Presser Arts Center re-opens to the public
MEXICO - Bonnie and Larry Kimbel used to live down the street from the Presser Arts Center, a regional performing and visual arts center.
The couple has performed on stage, as have their children and grandson. Bonnie said a building like this is important for the community.
“The arts are what ties the community together, whether it’s music or acting, but this building can also be used for many other things,” Bonnie said.
The Presser Arts Center though, which services 22,000 people per year, was unable to meet the needs in the community, and the facility was lacking space. Executive Director Lois Brace said the center had so little space, it was hosting classes on the stage.
However, in 2013, the center began discussing updates and planning a capital campaign. In the four years since, members of the 20 counties served by the center have come together and raised $4 million for renovations and additions to the building, still in place from 1926.
“It’s amazing how many volunteers came to help us,” Board Member Liz Washer said.
Construction, which began in July 2016 is finally complete. The grand opening event Friday evening was all about thanking the more than 200 donors and celebrating the years of arts to come.
“Just because we’re midwestern, small town, we still love the arts," Washer said. "It doesn’t mean that we don’t know anything about it. We just want to give everyone the opportunity to participate."
She said these artistic opportunities often help people discover different aspects of themselves.
“I can think of just a number of different people who didn’t even know they had that art form in their body,” Washer said.
Among these opportunities to participate are classes and lessons for students. Washer said programs are designed to supplement the lessons students learn in the classroom. She said families often travel from all over the state to participate in the Presser Arts Center’s activities.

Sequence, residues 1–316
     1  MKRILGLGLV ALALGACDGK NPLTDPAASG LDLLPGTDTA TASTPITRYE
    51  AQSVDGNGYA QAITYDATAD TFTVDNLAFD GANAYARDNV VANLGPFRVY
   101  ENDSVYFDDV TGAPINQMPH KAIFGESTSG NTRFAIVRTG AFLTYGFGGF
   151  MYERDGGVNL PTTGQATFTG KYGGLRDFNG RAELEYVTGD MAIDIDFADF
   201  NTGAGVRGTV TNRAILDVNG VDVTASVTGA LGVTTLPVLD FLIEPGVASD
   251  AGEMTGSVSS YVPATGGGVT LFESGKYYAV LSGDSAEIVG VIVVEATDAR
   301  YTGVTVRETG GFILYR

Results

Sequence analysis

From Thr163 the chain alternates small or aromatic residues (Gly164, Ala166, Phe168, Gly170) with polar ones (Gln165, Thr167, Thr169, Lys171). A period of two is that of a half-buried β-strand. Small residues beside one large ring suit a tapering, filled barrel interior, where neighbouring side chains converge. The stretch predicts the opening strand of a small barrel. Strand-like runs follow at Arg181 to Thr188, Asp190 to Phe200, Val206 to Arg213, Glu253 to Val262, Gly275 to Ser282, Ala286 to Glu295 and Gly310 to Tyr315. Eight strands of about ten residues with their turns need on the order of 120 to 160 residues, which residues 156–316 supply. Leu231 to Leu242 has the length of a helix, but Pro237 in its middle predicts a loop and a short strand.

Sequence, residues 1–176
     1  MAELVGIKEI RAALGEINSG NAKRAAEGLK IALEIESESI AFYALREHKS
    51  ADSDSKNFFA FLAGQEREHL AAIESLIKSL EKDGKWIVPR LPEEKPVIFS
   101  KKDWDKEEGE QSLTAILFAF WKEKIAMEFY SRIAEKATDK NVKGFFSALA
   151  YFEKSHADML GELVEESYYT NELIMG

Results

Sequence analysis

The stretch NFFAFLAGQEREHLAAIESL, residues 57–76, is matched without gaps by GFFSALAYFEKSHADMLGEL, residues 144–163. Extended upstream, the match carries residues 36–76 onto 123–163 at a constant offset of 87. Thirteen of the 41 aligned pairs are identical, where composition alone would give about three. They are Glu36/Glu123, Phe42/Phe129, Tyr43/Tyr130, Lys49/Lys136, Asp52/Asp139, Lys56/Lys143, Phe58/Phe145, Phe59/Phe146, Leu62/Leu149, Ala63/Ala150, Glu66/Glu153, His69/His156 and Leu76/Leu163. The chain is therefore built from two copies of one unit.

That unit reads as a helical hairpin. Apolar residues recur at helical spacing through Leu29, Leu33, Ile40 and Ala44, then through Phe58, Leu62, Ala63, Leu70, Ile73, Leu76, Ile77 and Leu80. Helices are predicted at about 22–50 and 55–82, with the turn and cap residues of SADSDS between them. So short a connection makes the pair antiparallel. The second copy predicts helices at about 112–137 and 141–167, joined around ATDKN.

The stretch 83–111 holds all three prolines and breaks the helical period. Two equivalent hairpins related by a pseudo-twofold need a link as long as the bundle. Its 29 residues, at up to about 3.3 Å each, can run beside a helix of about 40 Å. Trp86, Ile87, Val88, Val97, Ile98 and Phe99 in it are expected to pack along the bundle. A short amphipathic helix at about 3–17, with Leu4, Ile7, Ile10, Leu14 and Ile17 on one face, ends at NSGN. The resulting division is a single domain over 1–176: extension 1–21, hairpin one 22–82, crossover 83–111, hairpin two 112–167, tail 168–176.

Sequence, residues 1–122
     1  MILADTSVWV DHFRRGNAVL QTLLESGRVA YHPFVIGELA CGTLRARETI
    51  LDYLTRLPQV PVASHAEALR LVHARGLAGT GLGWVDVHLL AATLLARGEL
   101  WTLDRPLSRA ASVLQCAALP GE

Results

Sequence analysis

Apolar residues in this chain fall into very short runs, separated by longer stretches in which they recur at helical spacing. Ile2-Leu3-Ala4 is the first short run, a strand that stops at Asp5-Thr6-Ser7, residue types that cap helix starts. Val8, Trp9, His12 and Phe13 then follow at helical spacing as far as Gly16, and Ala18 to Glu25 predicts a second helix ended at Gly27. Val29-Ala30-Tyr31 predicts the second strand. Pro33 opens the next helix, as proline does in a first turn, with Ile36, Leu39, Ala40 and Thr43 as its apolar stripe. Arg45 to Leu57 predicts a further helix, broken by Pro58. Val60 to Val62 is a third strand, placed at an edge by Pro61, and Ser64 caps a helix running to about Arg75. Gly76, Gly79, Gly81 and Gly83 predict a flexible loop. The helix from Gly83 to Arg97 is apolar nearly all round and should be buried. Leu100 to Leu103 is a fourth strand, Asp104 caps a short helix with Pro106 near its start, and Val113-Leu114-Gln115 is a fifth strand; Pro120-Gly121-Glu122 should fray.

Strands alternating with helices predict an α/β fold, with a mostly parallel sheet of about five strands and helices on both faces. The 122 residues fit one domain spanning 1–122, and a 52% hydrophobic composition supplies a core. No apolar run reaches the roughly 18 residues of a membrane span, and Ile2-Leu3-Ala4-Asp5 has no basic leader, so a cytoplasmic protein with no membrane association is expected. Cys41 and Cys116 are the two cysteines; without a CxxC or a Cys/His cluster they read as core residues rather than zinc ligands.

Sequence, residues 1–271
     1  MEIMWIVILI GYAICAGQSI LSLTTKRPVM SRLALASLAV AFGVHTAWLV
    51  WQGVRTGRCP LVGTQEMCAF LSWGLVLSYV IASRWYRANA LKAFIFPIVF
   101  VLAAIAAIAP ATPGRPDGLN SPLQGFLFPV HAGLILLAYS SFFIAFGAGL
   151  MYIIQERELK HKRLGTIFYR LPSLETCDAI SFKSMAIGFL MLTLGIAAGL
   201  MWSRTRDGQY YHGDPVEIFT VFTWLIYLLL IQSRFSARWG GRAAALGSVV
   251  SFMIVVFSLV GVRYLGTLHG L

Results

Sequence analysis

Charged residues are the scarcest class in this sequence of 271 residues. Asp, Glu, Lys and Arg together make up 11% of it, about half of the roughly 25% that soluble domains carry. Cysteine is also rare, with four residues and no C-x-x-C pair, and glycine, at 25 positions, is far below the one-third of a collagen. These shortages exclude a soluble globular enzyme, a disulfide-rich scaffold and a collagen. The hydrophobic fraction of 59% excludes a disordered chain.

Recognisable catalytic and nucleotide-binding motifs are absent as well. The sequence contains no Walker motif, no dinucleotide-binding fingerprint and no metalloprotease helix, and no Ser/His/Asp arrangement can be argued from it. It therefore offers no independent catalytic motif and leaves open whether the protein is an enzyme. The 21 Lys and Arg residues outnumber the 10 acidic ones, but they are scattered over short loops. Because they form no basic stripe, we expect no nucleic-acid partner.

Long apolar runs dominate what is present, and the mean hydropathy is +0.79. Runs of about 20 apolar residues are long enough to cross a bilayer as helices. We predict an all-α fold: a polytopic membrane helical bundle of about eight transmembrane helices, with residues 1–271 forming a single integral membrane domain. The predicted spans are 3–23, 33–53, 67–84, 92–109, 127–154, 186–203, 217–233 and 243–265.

Members said these programs are available to all.
“It’s not limited to just the wealthy, there are scholarships available,” Bonnie Kimbel said. “We have three schools here, and the children can participate from all schools and build life-long friendships.”
Washer said the renovations allow for the addition of a number of programs inspired by Brace.
The center will now offer programs focusing on movement, music and theater for the elderly.
“Our goal with that is that we can help senior citizens stay in their homes longer, as long as possible, before needing to go somewhere for assistance like memory care,” Brace said.
Included in the renovations are a 200 seat black box theater, a classroom and a green room or break room for the actors.
“We were disadvantaged before we had this,” Treasurer Don Decker said.
Washer said she’s happy to see the community coming together for a project like this.
“Icing,” she said. “Icing on the cake. We have a wonderful town here and this just adds to it. I mean, this community comes together to do almost any kind of project. Someone has an idea and people say ‘Oh yeah I think we can do that. I’d like to help, how can I volunteer?’”
“People have just jumped in,” Washer said.
Brace said further programs are expected to come in January.